Haddock, a popular whitefish, is known for its flaky, clean texture and can be cooked a number of ways, including baked, broiled, smoked, and poached. Haddock is a good substitute for Atlantic cod, and is readily found around New England year-round. Whenever possible, look for haddock caught by hook or longline from the US.

Also known as:

Atlantic haddock, haddie

Availability:

Year-round

Product forms:

Fresh or frozen fillets, whole fish, headed and gutted

Substitutions:

Hook-caught haddock can be substituted for any other whitefish such as Atlantic cod
Haddock fishery: Haddock is typically fished using bottom longlines or trawl nets. More.

Conservation notes:

Hook caught haddock is considered an ocean-friendly seafood choice because populations on the major fishing grounds are healthy and the fishing gear used does not cause substantial habitat destruction. More.

Last updated: June 2010

Haddock Fishery

The commercial fishery for haddock began in the US in the early 1920s. After heavy overfishing into the late 1970s, haddock stocks in the western North Atlantic began to crash. Stringent management measures put in place in the US fishery, such as limits on fishing effort, closing certain areas, and changes to the minimum legal size limits seemingly helped haddock populations begin to recover in the late 1990s. According to the latest stock assessments, haddock stocks are now rebuilt and are no longer overfished.


The haddock fishery in the US takes place in the Gulf of Maine and on Georges Bank. Fishermen use several types of gear to land haddock. Most landings come by way of bottom trawling, but the more environmentally responsible options of bottom longlining and other hook gear (such as jigs and vertical hook and line gear) is gaining traction in the industry. Gillnets are also used to harvest a small percentage of haddock in the US. Haddock is also fished in Canada, Iceland, Norway, and the UK. Bottom trawls and bottom longlines are used in these fisheries as well.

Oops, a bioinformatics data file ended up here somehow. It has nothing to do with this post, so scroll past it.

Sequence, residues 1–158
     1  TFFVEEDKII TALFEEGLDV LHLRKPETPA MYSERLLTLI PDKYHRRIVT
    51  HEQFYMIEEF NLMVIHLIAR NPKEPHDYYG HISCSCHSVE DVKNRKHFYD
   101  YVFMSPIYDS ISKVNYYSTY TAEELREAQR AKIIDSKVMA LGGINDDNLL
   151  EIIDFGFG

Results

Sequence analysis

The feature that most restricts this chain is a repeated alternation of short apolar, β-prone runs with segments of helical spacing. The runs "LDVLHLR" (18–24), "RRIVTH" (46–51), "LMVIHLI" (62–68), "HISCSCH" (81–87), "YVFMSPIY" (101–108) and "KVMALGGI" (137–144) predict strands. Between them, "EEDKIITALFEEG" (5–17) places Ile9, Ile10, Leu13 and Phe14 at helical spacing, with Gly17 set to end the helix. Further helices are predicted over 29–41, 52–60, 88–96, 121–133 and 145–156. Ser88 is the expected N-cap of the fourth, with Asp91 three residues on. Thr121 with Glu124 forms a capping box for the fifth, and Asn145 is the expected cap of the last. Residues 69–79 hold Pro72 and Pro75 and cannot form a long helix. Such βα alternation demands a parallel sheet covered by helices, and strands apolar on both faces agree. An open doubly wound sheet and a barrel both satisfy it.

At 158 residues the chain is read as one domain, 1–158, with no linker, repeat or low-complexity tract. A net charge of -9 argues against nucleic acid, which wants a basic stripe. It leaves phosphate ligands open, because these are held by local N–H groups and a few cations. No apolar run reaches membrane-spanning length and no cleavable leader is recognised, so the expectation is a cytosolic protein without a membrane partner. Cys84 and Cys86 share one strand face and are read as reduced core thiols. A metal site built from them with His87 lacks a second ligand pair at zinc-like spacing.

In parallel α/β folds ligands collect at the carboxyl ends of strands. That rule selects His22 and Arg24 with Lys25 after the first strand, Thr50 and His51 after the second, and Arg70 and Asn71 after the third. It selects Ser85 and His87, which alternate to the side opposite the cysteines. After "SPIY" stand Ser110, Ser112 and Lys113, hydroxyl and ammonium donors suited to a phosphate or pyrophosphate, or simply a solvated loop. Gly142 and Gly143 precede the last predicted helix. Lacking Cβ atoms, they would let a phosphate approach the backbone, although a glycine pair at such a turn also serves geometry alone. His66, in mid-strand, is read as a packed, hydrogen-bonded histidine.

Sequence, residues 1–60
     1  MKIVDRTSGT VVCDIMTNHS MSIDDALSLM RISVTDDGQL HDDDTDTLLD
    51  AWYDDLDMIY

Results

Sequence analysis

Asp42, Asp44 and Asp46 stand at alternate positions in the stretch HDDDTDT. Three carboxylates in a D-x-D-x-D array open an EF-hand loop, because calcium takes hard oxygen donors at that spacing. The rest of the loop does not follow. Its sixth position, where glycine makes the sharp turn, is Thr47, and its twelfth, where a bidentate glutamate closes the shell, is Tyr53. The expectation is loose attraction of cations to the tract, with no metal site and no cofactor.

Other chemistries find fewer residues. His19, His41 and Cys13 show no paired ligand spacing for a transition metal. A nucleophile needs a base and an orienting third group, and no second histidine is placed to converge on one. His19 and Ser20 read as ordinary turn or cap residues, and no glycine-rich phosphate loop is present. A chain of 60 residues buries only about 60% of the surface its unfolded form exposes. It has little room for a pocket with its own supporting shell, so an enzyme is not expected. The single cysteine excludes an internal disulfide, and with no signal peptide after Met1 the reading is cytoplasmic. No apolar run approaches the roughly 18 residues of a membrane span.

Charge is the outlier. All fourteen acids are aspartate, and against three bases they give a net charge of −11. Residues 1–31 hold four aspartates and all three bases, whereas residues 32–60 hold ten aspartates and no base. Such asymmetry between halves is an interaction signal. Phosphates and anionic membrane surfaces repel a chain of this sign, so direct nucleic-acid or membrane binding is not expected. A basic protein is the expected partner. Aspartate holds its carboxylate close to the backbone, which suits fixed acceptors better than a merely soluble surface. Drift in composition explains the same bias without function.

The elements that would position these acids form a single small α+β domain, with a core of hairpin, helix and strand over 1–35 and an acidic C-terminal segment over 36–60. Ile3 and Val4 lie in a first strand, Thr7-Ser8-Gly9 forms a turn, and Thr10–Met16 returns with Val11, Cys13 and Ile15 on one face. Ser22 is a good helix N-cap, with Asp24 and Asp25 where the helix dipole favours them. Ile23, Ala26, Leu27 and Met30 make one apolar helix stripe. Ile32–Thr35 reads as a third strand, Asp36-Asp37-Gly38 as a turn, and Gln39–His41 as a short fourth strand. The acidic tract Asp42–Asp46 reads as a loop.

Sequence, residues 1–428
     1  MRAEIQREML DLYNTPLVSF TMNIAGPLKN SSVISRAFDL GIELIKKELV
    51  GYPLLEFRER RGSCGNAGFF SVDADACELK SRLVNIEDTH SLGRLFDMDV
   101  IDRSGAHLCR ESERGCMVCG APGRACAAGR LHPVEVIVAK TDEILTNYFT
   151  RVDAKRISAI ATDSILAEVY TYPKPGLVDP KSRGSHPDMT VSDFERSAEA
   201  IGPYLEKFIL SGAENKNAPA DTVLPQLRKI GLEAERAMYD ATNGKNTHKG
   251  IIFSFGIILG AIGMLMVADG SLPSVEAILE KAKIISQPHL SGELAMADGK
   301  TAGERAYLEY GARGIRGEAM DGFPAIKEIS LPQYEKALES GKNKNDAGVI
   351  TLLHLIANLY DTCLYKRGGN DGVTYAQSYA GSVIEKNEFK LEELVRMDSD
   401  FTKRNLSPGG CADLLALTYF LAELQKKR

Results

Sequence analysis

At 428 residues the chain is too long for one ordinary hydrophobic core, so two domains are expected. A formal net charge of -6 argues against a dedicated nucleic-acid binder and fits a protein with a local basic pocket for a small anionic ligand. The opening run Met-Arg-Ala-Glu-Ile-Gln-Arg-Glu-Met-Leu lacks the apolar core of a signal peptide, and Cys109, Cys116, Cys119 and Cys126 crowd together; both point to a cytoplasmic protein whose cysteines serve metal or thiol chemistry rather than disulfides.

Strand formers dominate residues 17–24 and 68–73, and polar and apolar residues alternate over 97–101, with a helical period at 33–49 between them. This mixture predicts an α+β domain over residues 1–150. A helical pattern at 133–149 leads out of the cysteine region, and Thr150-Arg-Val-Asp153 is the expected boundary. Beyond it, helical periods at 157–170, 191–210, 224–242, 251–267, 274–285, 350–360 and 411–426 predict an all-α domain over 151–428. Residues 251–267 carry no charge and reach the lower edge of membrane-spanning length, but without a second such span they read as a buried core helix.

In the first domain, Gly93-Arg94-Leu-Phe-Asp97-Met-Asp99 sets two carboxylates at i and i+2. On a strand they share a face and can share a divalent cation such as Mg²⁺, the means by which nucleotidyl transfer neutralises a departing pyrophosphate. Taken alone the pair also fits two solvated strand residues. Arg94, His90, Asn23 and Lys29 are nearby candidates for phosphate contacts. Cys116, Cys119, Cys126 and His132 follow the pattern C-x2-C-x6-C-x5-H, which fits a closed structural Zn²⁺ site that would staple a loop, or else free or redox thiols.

Conservation Notes

Hook-caught haddock is an ocean-friendly seafood choice because the stocks have recently recovered from overfishing and appear to be in good shape. Additionally, the fishing methods used in the hook fishery (e.g., bottom longline and other hook gear) causes relatively little environmental impact, particularly when compared with methods such as bottom trawling.


The type of fishing gear used, along with the health of the stocks and effective management is an important aspect of sustainability. Many types of commercial fishing gear can cause substantial habitat destruction, or may catch large numbers of unwanted fish and other animals (bycatch). Environmentally responsible gear types minimize impacts to habitat and are more selective for the species being targeted.

Bottom trawling, which consists of large nets that are dragged across the sea floor, can result in substantial damage to ocean floor habitats and catches a large percentage of unwanted fish and other marine animals (bycatch). Benthic or bottom longlines, as well as other hook gear, impart much less impact on sea floor habitats and have lower bycatch rates than trawling. So whenever possible, we encourage you to ask for haddock caught by longline or other types of hook gear.